Anti-resonant hollow core optical fiber reduces ‘noise’

Rochester researchers document an optical fiber beyond comparison

The anti-resonant hollow core fiber has a unique arrangement of seven hollow capillaries arranged around the hollow core inside the fiber. Credit: Arjun Iyer / Renninger Lab / University of Rochester

A new hollow optical fiber reduces “noise” to a great extent, interfering with signals that are now more widely used than single-mode fibers, researchers at the University of Rochester reported.

The anti-resonant hollow-core fiber, made by researchers at the University of Central Florida, produces a thousand times less “noise” than disruption caused by acoustic phones arising from glass in the fiber at room temperature. .

To document this, researchers in the laboratory of Assistant Professor of Optics William Renninger developed a highly sensitive measuring technique. Their findings are reported in a paper published in APL Photonics.

“It is a very valuable fiber, and despite much interest by researchers and some companies, no one had actually studied the behavior of phonons supported by the structure, and to what extent it reduced ‘noise’ , ”Says Renninger, an expert in experimental and theoretical nonlinear optics.

The lab’s findings conclusively demonstrate that fiber is “a promising platform for low noise applications, such as for quantum information processing and optical communications,” writes lead author Arjun Iyer, a graduate research associate at Renninger’s laboratory is.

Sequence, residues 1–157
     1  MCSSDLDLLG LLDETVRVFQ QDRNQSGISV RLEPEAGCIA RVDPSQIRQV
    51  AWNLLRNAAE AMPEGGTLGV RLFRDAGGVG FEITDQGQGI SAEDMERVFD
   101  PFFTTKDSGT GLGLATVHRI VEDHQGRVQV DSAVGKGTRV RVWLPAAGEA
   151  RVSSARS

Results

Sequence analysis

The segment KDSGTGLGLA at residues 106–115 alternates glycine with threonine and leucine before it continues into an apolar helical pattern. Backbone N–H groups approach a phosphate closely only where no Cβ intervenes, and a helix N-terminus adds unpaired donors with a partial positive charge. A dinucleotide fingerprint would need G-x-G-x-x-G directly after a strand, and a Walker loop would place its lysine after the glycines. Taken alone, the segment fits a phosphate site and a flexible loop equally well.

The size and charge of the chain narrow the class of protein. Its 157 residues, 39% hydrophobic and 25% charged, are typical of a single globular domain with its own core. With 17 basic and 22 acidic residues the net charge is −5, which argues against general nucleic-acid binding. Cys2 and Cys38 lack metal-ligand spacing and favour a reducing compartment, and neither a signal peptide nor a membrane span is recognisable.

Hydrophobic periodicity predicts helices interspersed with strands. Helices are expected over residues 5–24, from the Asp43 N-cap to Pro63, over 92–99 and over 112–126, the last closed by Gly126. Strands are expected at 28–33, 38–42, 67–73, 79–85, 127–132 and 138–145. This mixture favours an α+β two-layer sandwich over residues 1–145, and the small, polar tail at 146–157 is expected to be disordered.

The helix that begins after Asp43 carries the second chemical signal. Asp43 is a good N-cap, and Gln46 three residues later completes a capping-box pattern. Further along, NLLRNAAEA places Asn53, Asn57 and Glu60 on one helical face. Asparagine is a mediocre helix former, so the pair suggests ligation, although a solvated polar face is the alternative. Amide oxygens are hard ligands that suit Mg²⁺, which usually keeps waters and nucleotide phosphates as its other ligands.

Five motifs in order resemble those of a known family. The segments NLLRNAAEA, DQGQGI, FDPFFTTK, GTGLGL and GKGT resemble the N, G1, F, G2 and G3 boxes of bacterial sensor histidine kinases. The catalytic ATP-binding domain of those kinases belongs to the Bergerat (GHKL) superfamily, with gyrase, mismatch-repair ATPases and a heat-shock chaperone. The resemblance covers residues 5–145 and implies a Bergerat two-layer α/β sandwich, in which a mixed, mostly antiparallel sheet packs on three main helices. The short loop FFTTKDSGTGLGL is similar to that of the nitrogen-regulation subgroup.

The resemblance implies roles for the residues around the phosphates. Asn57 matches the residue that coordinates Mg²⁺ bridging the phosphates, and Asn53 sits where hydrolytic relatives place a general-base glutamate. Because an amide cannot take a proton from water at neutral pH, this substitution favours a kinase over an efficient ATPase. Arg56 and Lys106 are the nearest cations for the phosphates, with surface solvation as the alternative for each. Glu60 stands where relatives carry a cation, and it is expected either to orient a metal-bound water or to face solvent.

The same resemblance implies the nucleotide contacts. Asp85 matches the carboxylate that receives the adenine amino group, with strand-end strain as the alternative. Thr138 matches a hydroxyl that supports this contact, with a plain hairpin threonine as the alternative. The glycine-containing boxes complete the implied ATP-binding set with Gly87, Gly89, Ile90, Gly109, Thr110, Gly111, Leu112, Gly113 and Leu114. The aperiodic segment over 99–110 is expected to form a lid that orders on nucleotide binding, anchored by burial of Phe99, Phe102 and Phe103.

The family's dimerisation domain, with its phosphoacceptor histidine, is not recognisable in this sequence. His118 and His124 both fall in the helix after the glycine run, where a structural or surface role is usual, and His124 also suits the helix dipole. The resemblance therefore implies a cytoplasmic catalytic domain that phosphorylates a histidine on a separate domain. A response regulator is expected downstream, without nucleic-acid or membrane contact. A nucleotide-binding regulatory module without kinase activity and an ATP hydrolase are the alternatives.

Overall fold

Unique answer to ‘noise’

“Noise” refers to any disturbance that masks or interrupts the signal being sent by light through optical fibers. Such a disturbance is caused by fons – acoustic or sound waves occurring at the atomic and sub-atomic levels, in this case, in an optical fiber glass.

Phonsons “disperse” light by acoustic waves, creating splinter beams of different frequencies, or colors, which can disrupt and reduce the energy of the main beam. While some forms of scattering may be useful for specific applications, it interferes with quantum applications and even basic optical communications.

Noise can be reduced by cooling the fiber to very low, cryogenic temperatures, but it is “very expensive and complex,” Renninger says. Another approach is to try to use complex error-correction algorithms to correct for noise.

The anti-resonant hollow-core fiber, however, represents a straightforward solution that also functions at room temperature. Created by co-author Rodrigo Amzecua Correira and other researchers at CREL, the College of Creole, Optics and Photonics at the University of Central Florida, the fiber features a unique arrangement of seven hollow capillaries arranged around a hollow core inside the fiber.

This leads to minimal overlap between the outer layer of glass fiber and the light traveling through the core, eliminating interference from the acoustic phonons emitted from the glass.

Tests conducted by Renninger’s laboratory showed that this mechanism is 10 times more effective at reducing noise than other hollow fiber designs. “The little noise that’s left is due to the acoustic waves in the air inside the fiber, so it would be 100 times more effective if you wanted to evacuate the air”, says Renninger. “You’ll have incredibly low noise”.

“If the fate of the world depends on reducing acoustic noise in optical fiber, this is the one you want to use.”

Using air to increase light

more information:
Arjun Iyer et al., Ultra-brillin scattering in anti-resonant hollow-core fibers, APL Photonics (2020). DOI: 10.1063 / 5.0017796

Provided by the University of Rochester

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